Land That Job: What Interviewers Really Want You to Ask Them

Another "must ask" that you should end the interview with is "What are the next steps in this process?"

You'll want to know if you'll be expected to interview with others. Is there any kind of testing involved? When will they make a decision? When do they hope to bring someone on board? Is there more information or materials you can provide to support your candidacy? Who will you hear from and when? If you don't hear, when and how should you follow up?

This ensures that you're able to manage your own expectations and it gives you a handle on the company's timeframe, so you don't leave the interview waiting and wondering.

Web-extra Tips

Here's some extra advice from Tory Johnson:

It's perfectly acceptable to ask the HR manager to describe the management style of the person to whom you'd be reporting. Oftentimes the HR department has a good handle on the personality traits and work styles of the company's top managers and can share some of those preferences with candidates. This helps to ensure a good fit all around.

Towards the end of the conversation you can ask if they have any concerns about your ability to excel in this role. This is a chance for them to share with you any possible weaknesses, such as a skill you lack or a particular experience they wish you had. More importantly, it's an opportunity for you to learn quite clearly what they're thinking so you're able to address any outstanding issues directly. If you can't think quickly on the spot about how to explain how you'd overcome their hesitation, it's surely a topic for follow-up, which you should do within 24 hours. Point to examples of how you've been a quick study in the past or explain how you'll get the skills and training quickly and confidently. Perhaps you can point to comparable experiences you've had and how they relate to the challenges ahead.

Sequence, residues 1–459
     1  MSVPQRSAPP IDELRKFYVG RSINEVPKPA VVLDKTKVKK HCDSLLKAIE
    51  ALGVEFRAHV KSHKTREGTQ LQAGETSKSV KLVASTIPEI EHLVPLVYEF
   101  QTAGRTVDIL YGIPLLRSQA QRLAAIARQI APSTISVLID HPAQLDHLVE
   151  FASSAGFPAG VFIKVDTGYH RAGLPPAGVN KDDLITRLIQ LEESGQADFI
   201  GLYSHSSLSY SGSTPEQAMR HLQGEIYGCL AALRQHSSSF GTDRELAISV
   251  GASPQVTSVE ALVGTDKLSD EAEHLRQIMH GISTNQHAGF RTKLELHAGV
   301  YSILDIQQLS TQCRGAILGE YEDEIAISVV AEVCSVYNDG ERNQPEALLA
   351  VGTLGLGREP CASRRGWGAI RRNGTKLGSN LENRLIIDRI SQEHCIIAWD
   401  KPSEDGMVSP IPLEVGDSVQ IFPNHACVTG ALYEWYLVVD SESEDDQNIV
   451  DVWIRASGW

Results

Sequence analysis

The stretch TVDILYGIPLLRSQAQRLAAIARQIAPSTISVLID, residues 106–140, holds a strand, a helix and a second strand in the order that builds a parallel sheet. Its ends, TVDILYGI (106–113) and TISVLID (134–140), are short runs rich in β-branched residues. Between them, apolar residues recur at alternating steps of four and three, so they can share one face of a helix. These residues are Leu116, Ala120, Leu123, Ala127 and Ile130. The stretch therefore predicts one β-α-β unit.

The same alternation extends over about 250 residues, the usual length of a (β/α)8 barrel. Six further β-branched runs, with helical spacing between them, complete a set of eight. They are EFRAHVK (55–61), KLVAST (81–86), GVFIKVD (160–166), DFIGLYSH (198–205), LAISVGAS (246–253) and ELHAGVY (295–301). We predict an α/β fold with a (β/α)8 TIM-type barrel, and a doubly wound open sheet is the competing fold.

Don't be shy about bringing a pad and pen to take notes during the interview. Don't allow those notes to distract from the conversation; your eyes and focus should be on the people in the room, not on your paper. But if there are key elements to jot down -- perhaps issues you want to follow up on -- you should feel comfortable taking brief notes.

Tory Johnson is the CEO of Women For Hire and the workplace contributor on ABC's Good Morning America. Talk to her directly at http://www.twitter.com/toryjohnson.

Click here to return to the "Good Morning America" Web site.

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